Surveys and raw literature have shown that standardized tests have increased significantly over the last five years in USs public schools (Layton, 2015).From pre-first graders to 12-graders, children are subjected to rigorous tests that are used to determine their progression to the next academic level. While there is no perfect system of measuring intelligence and acquisition of knowledge, evidence suggests that standardized tests are not the best form of evaluation to be used in schools. The situation is compounded by the high demands that come with such of a system of assessment.
One of the glaring effects of standardized testing is latent discrimination of poor and minority children. In an investigation conducted by Broussard (2014) into the testing system in public schools in Philadelphia, findings reveal multiple issues that have a negative impact on learning outcomes. According to Broussard, many schools do have adequate funding to buy books that are used for preparing children for the standardized tests. Besides, some schools do not allow children to read the standardized textbooks on their own during the out-of-school hours due to the scarcity of such resources. The situation is aggravated by the fact that the majority of children in Philadelphias public schools are poor. If schools cannot afford to buy books from the selected publishers, it puts their children at a disadvantage. The inability to purchase books is tied to the issue of inequitable funding of public schools.
Another challenge that the standardized testing system faces is the structured nature of the examinations. Many test questions in the books are often reflected in the tests (Broussard, 2014).Such repetitions may hinder the development of cognitive skills of children. Additionally, classical literature cannot help learners prepare for tests. This is due to the practice of basing the tests on the specific knowledge found in the sets of textbooks designed by accredited publishers (Broussard, 2014). As a result, it encourages drilling and confines knowledge to the expectations of the test-makers.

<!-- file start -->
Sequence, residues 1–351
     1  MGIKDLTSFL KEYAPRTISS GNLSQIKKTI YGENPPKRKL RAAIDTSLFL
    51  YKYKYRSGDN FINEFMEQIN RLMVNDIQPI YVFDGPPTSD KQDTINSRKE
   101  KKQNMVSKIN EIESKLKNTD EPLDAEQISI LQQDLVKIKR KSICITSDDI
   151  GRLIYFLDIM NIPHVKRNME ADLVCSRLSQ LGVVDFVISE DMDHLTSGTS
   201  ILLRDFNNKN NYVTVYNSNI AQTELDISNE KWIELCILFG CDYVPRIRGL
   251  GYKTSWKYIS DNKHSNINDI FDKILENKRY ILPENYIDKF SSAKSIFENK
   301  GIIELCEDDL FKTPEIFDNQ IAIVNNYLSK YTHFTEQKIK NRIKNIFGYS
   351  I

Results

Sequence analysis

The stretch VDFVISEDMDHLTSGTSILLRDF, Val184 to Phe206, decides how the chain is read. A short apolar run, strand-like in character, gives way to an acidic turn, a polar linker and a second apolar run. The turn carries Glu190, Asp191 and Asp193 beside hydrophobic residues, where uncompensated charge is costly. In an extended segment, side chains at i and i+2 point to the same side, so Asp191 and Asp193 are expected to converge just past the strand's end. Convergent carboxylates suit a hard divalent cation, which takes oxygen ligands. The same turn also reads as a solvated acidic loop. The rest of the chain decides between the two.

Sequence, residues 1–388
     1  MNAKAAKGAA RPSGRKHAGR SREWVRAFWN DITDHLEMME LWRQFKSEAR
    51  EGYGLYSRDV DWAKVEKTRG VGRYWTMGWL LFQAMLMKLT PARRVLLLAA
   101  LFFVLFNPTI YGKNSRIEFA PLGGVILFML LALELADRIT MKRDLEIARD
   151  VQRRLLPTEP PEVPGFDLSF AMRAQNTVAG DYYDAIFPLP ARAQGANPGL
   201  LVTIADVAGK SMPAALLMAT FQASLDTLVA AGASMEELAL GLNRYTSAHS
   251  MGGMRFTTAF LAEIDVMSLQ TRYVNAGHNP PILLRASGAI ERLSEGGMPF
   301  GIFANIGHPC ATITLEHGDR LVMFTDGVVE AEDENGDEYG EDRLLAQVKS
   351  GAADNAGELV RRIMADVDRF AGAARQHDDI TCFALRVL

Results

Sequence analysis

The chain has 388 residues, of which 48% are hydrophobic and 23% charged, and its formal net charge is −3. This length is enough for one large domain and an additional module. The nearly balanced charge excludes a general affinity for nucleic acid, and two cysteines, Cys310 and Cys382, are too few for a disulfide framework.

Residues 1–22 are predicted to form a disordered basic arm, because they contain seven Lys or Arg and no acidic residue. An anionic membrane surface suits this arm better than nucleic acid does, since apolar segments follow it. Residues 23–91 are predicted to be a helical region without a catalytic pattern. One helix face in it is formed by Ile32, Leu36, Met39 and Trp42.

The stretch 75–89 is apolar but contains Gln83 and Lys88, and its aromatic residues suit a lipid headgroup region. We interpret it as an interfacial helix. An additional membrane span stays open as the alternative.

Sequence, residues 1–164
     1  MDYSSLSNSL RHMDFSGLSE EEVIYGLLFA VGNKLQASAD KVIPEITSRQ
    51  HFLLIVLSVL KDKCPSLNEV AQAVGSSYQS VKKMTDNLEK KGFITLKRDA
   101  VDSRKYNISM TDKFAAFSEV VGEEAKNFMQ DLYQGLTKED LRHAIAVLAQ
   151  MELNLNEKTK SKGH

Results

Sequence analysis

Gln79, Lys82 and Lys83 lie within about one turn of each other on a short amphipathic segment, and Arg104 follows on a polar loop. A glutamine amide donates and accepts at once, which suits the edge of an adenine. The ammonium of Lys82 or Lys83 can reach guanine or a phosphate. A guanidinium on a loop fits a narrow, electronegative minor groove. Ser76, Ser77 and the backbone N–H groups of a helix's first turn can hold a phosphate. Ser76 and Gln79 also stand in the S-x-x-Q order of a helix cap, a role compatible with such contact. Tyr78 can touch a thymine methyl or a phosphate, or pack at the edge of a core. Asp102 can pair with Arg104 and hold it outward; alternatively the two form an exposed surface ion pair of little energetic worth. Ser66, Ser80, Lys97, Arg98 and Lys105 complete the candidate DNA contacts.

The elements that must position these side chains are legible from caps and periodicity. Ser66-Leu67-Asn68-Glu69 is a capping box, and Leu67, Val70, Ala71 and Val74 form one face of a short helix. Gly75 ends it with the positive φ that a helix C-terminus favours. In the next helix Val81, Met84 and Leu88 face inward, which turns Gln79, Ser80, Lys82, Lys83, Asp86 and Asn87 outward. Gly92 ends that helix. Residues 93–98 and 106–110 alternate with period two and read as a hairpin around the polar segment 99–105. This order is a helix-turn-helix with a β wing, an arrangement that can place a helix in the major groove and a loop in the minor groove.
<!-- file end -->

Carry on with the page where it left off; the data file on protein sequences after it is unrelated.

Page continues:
In conclusion, school funding and standardized continues to raise controversy in the education system. Although expenditure has little direct connection with education achievements, other factors related to finances affect learning outcomes. The problem is worse in impoverished communities. On the same note, standardized tests encourage rote learning as well as disadvantages poor children. For schools to deliver quality outcomes, an equitable funding policy will have to be adopted, and a system that does not overemphasize on test outcomes should be considered.
Biddle, B. J., & Berliner, D. C. (2002). Unequal School Funding in the United States. Educational leadership, 59(8), 48-59.
Broussard, M. (2014, July 15). Why poor schools cant win at standardized testing. The Atlantic [Boston].
Jackson, C. K., Johnson, R. C., & Persico, C. (2015). The Effects of School Spending on Educational and Economic Outcomes: Evidence from School Finance Reforms. The Quarterly Journal of Economics, 131(1), 157-218. doi:10.1093/qje/qjv036
Layton, L. (2015, January 16). Majority of U.S. public school students are in poverty. The Washington Post [Washington].
Layton, L. (2015, October 24). Study says standardized testing is overwhelming nations public schools. The Washington Post [Washington].
Mitra, D. (2011). Pennsylvania's best investment: The social and economic benefits of public education (Unpublished master's thesis). Pennsylvania State University, University Park, PA.